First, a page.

The arcing layout, the early rolling layout and the flip layout are examples of basic bowling ball drilling layouts. BowlingBallGalaxy.com recommends the arcing layout for the typical bowler. When the ball is drilled, the pin is placed under the ring finger. The center of gravity is in line with the pin, angling toward the thumb, on a symmetrical bowling ball. On asymmetrical balls, the side with greater mass sits under the thumb and in line with the pin.
With the early rolling layout, the layout pin is under the ring finger. The ball's center of gravity is offset by 35 to 65 degrees, depending on how much early roll the player wants. The early rolling layout is used if the lane is oily, and it is generally used on reactive resin balls.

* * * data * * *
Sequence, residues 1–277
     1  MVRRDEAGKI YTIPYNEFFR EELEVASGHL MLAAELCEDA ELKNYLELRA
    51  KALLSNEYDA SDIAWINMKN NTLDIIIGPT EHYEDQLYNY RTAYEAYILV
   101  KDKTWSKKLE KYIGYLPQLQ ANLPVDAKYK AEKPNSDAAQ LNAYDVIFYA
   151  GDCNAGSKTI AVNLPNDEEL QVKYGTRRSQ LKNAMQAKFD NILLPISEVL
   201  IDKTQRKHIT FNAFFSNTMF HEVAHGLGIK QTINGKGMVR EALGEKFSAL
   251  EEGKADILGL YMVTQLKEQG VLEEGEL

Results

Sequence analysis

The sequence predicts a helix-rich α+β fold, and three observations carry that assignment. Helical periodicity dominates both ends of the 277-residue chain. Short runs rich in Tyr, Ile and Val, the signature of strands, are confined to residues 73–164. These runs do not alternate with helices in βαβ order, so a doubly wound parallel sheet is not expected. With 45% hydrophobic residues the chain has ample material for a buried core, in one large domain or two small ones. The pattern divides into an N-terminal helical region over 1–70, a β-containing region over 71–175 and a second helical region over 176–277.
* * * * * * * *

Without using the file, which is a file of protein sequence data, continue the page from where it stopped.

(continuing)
The flip layout is used in very dry conditions. The pin is directly over the center of gravity when the flip layout is used. A higher pin means that the ball moves further down the lane before it flips.
The pin shows where the top of the ball's core is sitting. It helps manufacturers to ensure the ball is perfectly spherical. The ball's track is the rings of oil that appear when the ball rolls down the lane. It indicates where the ball touched the lane. Ball drillers use the track to calculate the positive axis point and determine where the holes should go in relation to the pin and the center of gravity.